November 13, 1994
Fred (Sonic) Smith, original guitarist for the rock band MC5 and several other groups, including his Sonic's Rendezvous Band, has died. He was 44. He died Nov. 4 of heart failure in Detroit, said his wife, Patti Smith, a poet and singer from the mid-1970s punk movement. A native of West Virginia, the guitarist spent most of his life in Detroit. He began his career playing with local bands when he was a teen-ager and joined MC5 in the mid-1960s.
July 24, 1988 |
Christ died for somebody's sins, but not mine. Patti Smith earned my undivided attention with those words. It was the opening line of "Oath," a poem that appeared in a 1971 issue of Creem magazine. Although it wasn't set to music then, it nevertheless jumped off the page. Ditto, a eulogy she wrote earlier on Janis Joplin in the teen mag Hullabaloo: "We are going to have to reinvent our heroes because they're dying."
CALIFORNIA | LOCAL
March 31, 2013 |
Paul Williams was returning to his dorm room when a fellow student relayed a message that was radical even for the 1960s: "Hey, Williams! You got a phone call from Bob Dylan. " Not long before, it was Paul Simon who had rung Williams up on the hallway pay phone. He too wanted to let the Swarthmore College freshman know how much he enjoyed his writing. At 17, Williams was the founder and editor of Crawdaddy, a tiny journal of rock criticism whose first edition he mimeographed in a friend's Brooklyn basement and distributed to record stores, clubs and concert halls.
November 7, 2002
You told the brief story of musician Ryan Adams, who stopped a concert when a fan jokingly yelled out a request for a song by Bryan Adams ("Quick Takes," Oct. 17). Ryan turned on the lights and refused to continue until said fan was ejected from the arena. You didn't mention if Mr. Adams had a solitary tear rolling pitifully down his cheek while all this happened. This amusing story reminded me of a performance I had the pleasure of seeing a few years ago of New York rocker Patty Smyth.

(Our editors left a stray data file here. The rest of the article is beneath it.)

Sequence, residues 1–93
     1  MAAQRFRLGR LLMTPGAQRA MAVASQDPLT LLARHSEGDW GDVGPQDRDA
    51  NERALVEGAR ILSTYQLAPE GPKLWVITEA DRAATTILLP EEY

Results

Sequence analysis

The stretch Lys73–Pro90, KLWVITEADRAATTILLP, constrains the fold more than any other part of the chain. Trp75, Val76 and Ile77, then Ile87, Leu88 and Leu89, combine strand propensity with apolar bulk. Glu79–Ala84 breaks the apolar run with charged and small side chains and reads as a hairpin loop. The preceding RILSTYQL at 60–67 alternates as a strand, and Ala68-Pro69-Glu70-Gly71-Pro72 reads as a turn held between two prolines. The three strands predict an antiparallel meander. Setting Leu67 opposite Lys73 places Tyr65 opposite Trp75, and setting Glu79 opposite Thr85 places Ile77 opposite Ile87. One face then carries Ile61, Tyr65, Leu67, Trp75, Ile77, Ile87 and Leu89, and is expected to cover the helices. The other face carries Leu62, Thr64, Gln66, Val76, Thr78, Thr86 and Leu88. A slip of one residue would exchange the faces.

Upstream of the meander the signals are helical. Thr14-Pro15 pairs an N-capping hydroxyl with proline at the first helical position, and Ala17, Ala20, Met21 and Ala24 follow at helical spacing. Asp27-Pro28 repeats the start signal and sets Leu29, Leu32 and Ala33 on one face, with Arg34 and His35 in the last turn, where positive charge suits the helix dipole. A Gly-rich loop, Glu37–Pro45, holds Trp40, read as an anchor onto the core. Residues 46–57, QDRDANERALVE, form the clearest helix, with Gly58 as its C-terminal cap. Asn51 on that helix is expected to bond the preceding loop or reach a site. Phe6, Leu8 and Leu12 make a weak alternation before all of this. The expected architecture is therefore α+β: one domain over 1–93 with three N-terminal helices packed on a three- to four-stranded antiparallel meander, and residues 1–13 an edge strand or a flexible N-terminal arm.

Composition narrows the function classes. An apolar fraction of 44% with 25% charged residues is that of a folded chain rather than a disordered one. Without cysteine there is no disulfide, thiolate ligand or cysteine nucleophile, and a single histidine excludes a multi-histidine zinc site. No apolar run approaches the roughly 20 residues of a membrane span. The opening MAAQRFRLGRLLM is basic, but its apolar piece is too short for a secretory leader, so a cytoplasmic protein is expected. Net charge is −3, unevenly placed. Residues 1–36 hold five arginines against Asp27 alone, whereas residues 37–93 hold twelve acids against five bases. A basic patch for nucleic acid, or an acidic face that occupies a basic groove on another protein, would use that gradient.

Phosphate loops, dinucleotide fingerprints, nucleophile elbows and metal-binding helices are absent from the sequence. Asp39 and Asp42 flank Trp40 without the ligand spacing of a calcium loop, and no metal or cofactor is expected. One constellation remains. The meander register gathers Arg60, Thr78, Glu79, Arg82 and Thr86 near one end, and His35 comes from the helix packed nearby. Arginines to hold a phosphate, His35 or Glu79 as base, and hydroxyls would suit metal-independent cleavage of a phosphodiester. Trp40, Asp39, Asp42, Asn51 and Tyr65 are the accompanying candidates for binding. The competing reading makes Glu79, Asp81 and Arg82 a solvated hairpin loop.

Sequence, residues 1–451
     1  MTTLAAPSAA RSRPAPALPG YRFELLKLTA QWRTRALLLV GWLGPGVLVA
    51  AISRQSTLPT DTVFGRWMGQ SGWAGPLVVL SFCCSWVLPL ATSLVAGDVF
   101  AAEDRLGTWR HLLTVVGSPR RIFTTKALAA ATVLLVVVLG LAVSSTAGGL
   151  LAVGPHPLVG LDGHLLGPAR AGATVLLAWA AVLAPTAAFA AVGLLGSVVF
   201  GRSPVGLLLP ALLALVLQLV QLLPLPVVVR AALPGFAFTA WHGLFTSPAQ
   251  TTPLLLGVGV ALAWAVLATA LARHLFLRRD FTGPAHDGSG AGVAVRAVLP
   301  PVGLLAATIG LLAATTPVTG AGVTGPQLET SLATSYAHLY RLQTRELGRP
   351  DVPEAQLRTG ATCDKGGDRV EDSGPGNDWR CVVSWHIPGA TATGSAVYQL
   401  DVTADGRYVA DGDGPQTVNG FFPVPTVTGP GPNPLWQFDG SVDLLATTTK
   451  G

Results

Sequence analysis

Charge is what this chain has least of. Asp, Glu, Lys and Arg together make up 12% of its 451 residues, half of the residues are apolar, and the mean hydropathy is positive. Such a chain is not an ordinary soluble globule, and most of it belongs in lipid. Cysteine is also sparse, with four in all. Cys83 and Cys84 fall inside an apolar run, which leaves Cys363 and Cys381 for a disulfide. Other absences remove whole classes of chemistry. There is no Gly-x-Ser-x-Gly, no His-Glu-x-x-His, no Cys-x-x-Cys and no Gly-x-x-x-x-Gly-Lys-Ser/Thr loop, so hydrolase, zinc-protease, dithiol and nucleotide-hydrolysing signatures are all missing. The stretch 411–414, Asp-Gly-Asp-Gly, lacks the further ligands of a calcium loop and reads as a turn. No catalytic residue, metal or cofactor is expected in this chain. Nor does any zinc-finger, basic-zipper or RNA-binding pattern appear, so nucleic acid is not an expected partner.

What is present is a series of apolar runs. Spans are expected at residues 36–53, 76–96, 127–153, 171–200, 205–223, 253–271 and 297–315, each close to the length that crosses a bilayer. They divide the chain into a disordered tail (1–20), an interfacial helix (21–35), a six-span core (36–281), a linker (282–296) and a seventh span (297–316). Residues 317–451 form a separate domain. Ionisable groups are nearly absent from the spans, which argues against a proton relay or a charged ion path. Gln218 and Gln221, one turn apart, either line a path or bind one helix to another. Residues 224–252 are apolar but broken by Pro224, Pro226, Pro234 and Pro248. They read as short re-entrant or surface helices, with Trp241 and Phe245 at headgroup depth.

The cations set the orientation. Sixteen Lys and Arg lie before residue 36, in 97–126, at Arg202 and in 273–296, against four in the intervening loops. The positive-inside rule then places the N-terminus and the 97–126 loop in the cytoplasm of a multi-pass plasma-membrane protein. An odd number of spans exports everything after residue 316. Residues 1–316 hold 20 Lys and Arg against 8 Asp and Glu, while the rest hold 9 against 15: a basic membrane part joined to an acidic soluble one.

July 18, 1999
With the exception of the Go Go's, Erik Himmelsbach's androcentric list of SoCal's "most remarkable shows" ("What, No Depeche Mode?" So SoCal, June 13) excluded some great female performances. Janis Joplin with Big Brother and the Holding Company closing a daylong festival at the Rose Bowl in the summer of '68; Laura Nyro's first gig at the Troubadour in October '69; Joni Mitchell on a bill at Pauley Pavilion with Frank Zappa and the L.A. Philharmonic (early '70s); Patti Smith at the Roxy (mid-'70s)
November 6, 2013 |
Lou Reed left behind one of the most influential catalogs in music, spanning his Velvet Underground records and decades of solo work and collaborations. But he also left behind something more immediate -- his will and estate . The 71-year-old died Oct. 27 of complications from a liver transplant. He had no children, and his considerable estate will be divided among his immediate family. The will leaves his Manhattan penthouse, East Hampton home and the majority of his estate to his wife, the musician Laurie Anderson.
March 25, 1996 |
Patti Smith walked on stage Saturday night at the Wiltern Theatre wearing a hooded warmup jacket that made her look like a monk returning from a lengthy retreat, which is not a bad way to think of her first formal U.S. tour in 17 years. Smith, who turned away from rock stardom in 1979 to raise a family in Detroit with musician Fred "Sonic" Smith, is so respected by much of today's rock community that the atmosphere in the Wiltern bordered on spiritual reverence.
June 22, 2008 |
WHO WOULD have guessed, in the mid-1970s, that Patti Smith would end up as the visionary poet-mother of rock 'n' roll? Smith's brilliant early career seemed likely to end in burnout; as she intoned, memorably, at the start of her 1975 debut album, "Horses": "Jesus died for somebody's sins, but not mine." Smith, however, has not burned out but thrived. The key is that she is a poet first; she has always approached rock with a poet's eye.